Why is a character constant more than size of charcter variable?

Discussion in 'C Programming' started by vb@gmail.com, Aug 5, 2005.

  1. Guest

    Hi all,
    I ran the follwing program on windows-XP(86 architecture) using gcc.

    #include <stdio.h>

    int main()
    {
    char ch='a';
    printf("%u %u\n",sizeof(ch),sizeof('a'));
    return 0;
    }
    The result was : 1 4

    My question is why a character constant gave size 4 while same
    character assigned to a char variable gave size 1.
    I am guessing that char constant was being treated like an integer-was
    it?
     
    , Aug 5, 2005
    #1
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  2. Richard Bos Guest

    "" <> wrote:

    > #include <stdio.h>
    >
    > int main()
    > {
    > char ch='a';
    > printf("%u %u\n",sizeof(ch),sizeof('a'));
    > return 0;
    > }
    > The result was : 1 4
    >
    > My question is why a character constant gave size 4 while same
    > character assigned to a char variable gave size 1.
    > I am guessing that char constant was being treated like an integer-was
    > it?


    Yes. A character constant has type int. This doesn't seem logical, and
    IMO it isn't logical; but it is this way for hysterical reasons, which
    are related to those behind the default promotions for variadic
    functions.

    Richard
     
    Richard Bos, Aug 5, 2005
    #2
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  3. wrote:
    > #include <stdio.h>
    >
    > int main()
    > {
    > char ch='a';
    > printf("%u %u\n",sizeof(ch),sizeof('a'));
    > return 0;
    > }
    > The result was : 1 4
    >
    > My question is why a character constant gave size 4 while same
    > character assigned to a char variable gave size 1.
    > I am guessing that char constant was being treated like an integer-was
    > it?


    If you change sizeof('a') into sizeof((char)'a') it will return 1. The
    fact that the first version returns 4 seems strange at first but it is
    quite logical. 'a' just translates into a number, and then sizeof has to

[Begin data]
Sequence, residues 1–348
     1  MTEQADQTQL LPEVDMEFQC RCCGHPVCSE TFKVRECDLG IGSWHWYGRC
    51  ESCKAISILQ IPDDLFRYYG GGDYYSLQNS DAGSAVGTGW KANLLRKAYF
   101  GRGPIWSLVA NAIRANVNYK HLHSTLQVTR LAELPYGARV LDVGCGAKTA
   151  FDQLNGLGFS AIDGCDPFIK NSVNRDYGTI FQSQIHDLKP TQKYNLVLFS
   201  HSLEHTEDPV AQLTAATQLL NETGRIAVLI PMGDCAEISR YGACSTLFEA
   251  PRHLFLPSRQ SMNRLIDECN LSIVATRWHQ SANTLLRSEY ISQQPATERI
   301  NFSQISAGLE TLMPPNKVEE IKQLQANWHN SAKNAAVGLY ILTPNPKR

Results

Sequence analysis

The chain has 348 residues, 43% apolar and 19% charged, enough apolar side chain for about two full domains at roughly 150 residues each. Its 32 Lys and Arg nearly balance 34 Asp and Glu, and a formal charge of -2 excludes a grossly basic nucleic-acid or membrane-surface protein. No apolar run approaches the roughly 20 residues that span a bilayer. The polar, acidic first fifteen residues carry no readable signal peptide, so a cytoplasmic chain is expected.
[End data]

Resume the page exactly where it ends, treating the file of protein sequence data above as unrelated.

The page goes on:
determine the size. Compare it to sizeof(0x61), this will also return 4,
    even though I entered a value that can be contained in 1 byte, as can
    the 'a'.

    Kind regards,
    Johan

    --
    o o o o o o o . . . _____J_o_h_a_n___B_o_r_k_h_u_i_s___
    o _____ || http://www.borkhuis.com |
    .][__n_n_|DD[ ====_____ | |
    >(________|__|_[_________]_|________________________________|

    _/oo OOOOO oo` ooo ooo 'o!o!o o!o!o`
    == VxWorks FAQ: http://www.xs4all.nl/~borkhuis/vxworks/vxworks.html ==
     
    Johan Borkhuis, Aug 5, 2005
    #3
  4. On Fri, 05 Aug 2005 07:32:32 +0000, Richard Bos wrote:

    ....

    > Yes. A character constant has type int. This doesn't seem logical, and
    > IMO it isn't logical; but it is this way for hysterical reasons,


    I'm sure you're correct but there are historical reasons too.

    > which
    > are related to those behind the default promotions for variadic
    > functions.


    More specifically the integral promotions. In K&R C it was virtually (?)
    impossible to use a character value without it being promoted to int
    first, so making character constant int in the first place eliminated that
    step. There were and still are multi character constants such as 'abcd' or
    however many will fit in an int.

    Lawrence
     
    Lawrence Kirby, Aug 5, 2005
    #4
  5. Re: Why is a character constant more than size of charctervariable?

    "" <> writes:
    > I ran the follwing program on windows-XP(86 architecture) using gcc.
    >
    > #include <stdio.h>
    >
    > int main()
    > {
    > char ch='a';
    > printf("%u %u\n",sizeof(ch),sizeof('a'));
    > return 0;
    > }
    > The result was : 1 4
    >
    > My question is why a character constant gave size 4 while same
    > character assigned to a char variable gave size 1.
    > I am guessing that char constant was being treated like an integer-was
    > it?


    No need to guess.

    <http://www.eskimo.com/~scs/C-faq/q8.9.html>

    --
    Keith Thompson (The_Other_Keith) <http://www.ghoti.net/~kst>
    San Diego Supercomputer Center <*> <http://users.sdsc.edu/~kst>
    We must do something. This is something. Therefore, we must do this.
     
    Keith Thompson, Aug 6, 2005
    #5
  6. wrote on 05/08/05 :
    > char ch='a';
    > printf("%u %u\n",sizeof(ch),sizeof('a'));


    undefined behavior. sizeif returns a size_t.

    printf("%u %u\n",(unsigned) sizeof(ch),(unsigned) sizeof('a'));

    [C99]
    printf("%zu %zu\n",sizeof(ch),sizeof('a'));

    > return 0;
    > }
    > The result was : 1 4


    A character constant has the type of int. You draw the conclusion ...

    --
    Emmanuel
    The C-FAQ: http://www.eskimo.com/~scs/C-faq/faq.html
    The C-library: http://www.dinkumware.com/refxc.html

    "C is a sharp tool"
     
    Emmanuel Delahaye, Aug 6, 2005
    #6
  7. (supersedes <>)

    wrote on 05/08/05 :
    > char ch='a';
    > printf("%u %u\n",sizeof(ch),sizeof('a'));


    undefined behavior. sizeof returns a size_t.

    printf("%u %u\n",(unsigned) sizeof(ch),(unsigned) sizeof('a'));

    [C99]
    printf("%zu %zu\n",sizeof(ch),sizeof('a'));

    > return 0;
    > }
    > The result was : 1 4


    A character constant has the type of int. You draw the conclusion ...


    --
    Emmanuel
    The C-FAQ: http://www.eskimo.com/~scs/C-faq/faq.html
    The C-library: http://www.dinkumware.com/refxc.html

    I once asked an expert COBOL programmer, how to
    declare local variables in COBOL, the reply was:
    "what is a local variable?"
     
    Emmanuel Delahaye, Aug 6, 2005
    #7
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